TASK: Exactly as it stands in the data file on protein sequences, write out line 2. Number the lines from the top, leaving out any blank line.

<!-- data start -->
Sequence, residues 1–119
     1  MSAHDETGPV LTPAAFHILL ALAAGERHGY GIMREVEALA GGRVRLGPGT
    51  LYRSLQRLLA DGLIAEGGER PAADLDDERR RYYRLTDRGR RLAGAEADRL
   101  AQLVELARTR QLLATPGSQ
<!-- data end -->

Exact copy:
     1  MSAHDETGPV LTPAAFHILL ALAAGERHGY GIMREVEALA GGRVRLGPGT